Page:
I don’t fit that plastic mold and I’m ok with that too. It’s a stupid mold that harms people, especially women. For me, dysphoria is disgust and repulsion with my body, its shape, the way it carries fat, my boobs and I feel like I should be more masculine and boobless without being male. This confusion and why I’m talking to you is because I don’t want to do anything rash (like T or top surgery - although I have considered a reduction on several occasions because my boobs are pretty big and Pt2
uncomfortable, but it would still mean I had something there) And I don’t want to do anything permanent without some real thought and discussion first because as you said, it changes and could possibly get worse. And what ever I do I want to do it the smart way. The other part of the dysphoria is more social, being seen as female, refered to as a daughter, little things like that make me super uncomfortable. My parents have taken quite a while to me coming out, my dad especially pt 3
is in denial and keeps saying you will change your mind one day - despite my friend group being predominantly nonhetero and are people they’ve never made similar comments about. My mother really doesn’t accept me not performing “femininity”, I wear a mix of male and female clothes because they look good and I feel comfortable. They both get very upset and disappointed in me. They always told my brother and I they always wanted a boy and girl, but I don’t fit what they wanted. pt 4
Hey anon. I’m glad you wrote back. I understand and unfortunately, can relate to those feelings about your body.
I guess what I understand now is that those feelings don’t happen for no reason and they don’t come out of nowhere. They seemed to, for me, because I consciously rejected misogynist ideas so I thought that meant they didn’t affect me. It’s hard to overstate the impact of how it affects us to carry bodies whose parts are weighed down with such deep and horrible meaning culturally.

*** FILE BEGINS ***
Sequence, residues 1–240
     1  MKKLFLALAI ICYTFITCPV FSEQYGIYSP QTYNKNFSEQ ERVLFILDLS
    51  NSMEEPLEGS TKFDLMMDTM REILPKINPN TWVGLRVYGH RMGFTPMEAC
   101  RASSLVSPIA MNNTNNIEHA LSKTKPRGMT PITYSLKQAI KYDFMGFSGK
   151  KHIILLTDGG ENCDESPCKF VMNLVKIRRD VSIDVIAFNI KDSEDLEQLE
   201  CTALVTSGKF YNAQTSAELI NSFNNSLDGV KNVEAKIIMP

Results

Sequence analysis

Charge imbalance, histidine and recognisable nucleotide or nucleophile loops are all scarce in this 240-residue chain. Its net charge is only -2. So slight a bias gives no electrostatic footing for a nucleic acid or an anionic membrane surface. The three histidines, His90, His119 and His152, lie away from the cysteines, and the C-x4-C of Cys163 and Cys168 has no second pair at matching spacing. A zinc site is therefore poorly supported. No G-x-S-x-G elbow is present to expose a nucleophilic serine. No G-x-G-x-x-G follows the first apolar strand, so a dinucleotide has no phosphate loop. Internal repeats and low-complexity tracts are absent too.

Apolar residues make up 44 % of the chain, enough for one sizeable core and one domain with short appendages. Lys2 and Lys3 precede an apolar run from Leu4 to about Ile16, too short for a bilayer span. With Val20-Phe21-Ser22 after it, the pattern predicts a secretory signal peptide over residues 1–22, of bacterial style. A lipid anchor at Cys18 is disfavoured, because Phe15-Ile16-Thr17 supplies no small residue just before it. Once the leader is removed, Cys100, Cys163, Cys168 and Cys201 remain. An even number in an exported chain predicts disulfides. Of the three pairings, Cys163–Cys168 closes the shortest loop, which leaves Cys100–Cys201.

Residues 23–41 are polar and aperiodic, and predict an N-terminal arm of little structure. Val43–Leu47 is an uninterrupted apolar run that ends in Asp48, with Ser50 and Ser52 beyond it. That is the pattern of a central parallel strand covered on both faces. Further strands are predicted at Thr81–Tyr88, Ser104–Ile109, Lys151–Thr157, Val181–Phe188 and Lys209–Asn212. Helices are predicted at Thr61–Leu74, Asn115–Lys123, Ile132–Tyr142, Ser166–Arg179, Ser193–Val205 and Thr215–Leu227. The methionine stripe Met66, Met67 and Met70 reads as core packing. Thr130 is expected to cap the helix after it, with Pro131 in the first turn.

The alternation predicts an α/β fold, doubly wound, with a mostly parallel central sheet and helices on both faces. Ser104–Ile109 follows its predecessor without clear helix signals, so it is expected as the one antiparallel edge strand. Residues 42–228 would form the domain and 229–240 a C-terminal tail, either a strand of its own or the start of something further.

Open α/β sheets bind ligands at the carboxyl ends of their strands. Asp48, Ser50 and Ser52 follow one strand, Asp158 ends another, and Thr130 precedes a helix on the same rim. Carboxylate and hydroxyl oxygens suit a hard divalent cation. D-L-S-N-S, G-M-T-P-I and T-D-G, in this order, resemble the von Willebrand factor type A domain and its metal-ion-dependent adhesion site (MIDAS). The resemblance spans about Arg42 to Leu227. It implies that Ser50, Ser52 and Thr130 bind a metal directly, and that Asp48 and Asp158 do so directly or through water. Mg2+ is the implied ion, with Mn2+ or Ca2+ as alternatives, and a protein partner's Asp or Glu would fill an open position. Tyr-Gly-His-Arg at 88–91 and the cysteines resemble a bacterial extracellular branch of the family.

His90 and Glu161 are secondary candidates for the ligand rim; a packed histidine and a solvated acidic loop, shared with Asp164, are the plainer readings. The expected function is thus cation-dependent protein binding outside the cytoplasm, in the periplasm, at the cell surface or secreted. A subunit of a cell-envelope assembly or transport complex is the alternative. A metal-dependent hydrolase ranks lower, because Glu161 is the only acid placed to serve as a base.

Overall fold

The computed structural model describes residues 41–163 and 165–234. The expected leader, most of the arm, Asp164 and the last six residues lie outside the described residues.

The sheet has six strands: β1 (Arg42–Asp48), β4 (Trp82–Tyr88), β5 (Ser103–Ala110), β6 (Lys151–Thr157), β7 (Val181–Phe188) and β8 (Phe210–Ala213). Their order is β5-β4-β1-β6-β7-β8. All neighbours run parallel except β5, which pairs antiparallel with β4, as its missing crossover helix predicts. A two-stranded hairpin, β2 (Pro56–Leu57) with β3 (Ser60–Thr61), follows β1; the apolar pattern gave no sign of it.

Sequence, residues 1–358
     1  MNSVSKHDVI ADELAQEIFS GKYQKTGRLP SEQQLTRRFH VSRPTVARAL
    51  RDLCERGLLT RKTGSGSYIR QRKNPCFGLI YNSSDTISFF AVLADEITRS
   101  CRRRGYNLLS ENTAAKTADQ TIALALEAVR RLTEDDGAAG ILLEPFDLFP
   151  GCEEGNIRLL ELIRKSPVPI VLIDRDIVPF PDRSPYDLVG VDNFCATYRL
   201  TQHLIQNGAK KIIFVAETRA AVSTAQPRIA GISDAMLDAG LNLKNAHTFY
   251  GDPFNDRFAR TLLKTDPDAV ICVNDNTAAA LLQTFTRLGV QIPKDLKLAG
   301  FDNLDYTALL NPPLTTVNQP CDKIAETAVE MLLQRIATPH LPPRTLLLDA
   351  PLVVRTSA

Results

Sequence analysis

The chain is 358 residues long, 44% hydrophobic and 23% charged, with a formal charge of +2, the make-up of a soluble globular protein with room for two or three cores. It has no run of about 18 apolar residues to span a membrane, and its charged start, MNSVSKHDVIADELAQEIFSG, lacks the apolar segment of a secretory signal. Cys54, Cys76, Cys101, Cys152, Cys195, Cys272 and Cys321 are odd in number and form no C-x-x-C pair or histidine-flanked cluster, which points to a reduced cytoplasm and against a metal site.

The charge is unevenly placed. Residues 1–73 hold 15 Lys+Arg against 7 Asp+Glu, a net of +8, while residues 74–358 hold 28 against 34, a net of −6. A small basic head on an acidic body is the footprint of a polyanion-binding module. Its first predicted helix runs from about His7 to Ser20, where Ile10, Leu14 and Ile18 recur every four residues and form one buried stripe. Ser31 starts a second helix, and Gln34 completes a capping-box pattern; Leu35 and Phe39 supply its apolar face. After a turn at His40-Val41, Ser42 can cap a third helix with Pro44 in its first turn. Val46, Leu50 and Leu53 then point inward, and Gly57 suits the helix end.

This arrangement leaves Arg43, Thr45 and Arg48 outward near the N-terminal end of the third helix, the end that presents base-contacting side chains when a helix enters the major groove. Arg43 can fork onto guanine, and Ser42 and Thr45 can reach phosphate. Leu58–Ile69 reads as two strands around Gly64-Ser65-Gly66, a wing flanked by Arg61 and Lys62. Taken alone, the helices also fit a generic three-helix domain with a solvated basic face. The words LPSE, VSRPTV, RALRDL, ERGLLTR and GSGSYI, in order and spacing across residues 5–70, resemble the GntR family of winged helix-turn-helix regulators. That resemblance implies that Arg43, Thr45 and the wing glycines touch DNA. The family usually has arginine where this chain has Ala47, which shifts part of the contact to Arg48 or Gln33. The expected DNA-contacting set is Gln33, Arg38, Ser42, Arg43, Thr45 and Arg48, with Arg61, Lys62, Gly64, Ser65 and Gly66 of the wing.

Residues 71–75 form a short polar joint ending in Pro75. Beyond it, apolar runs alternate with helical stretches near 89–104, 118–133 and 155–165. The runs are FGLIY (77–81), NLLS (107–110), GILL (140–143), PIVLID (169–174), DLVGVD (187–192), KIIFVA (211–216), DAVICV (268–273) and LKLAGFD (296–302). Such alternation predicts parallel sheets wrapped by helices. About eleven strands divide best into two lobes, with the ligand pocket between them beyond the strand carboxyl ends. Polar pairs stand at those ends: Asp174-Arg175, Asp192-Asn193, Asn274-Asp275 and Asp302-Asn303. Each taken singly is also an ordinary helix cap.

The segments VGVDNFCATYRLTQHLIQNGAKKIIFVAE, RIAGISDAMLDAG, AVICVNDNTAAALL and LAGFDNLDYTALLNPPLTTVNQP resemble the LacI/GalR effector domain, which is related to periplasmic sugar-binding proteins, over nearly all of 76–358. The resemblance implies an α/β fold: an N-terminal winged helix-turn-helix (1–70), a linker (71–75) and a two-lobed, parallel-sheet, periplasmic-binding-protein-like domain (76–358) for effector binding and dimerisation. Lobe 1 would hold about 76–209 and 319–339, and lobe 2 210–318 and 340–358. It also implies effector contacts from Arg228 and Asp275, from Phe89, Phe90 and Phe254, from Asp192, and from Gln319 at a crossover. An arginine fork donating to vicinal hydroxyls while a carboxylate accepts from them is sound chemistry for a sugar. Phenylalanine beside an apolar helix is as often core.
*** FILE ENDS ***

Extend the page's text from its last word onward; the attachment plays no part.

In my mind, I know that there is nothing wrong with breasts. Intellectually, I understand what breasts are and I know they are not shameful or bad or the equivalent of a “rape me” sign. I can certainly appreciate them on other women as both beautiful and inherently dignified. But my understanding changes when it comes to me. And this double standard holds true for all female fat: I’m cool with it in theory and on everyone but me. This is actually a new kind of dysphoria for me because I didn’t have this kind of fat until my 30s. Part of what made me feel outside of girl culture as a young person was that I didn’t have the same kind of body-rejection as other girls. I didn’t diet or watch my weight because I was basically built like a lean child until my mid-30s.
What I learned from my attempt to transition, though, was that changing my body in response to my distress over it might make me feel better on the surface for awhile, but ultimately it was an incredible rejection of myself and an attempt to erase my history. A kind of living suicide and false “resurrection.” The highs were like the highs you get from other kinds of self-harming. They didn’t last; they always want more sacrifices.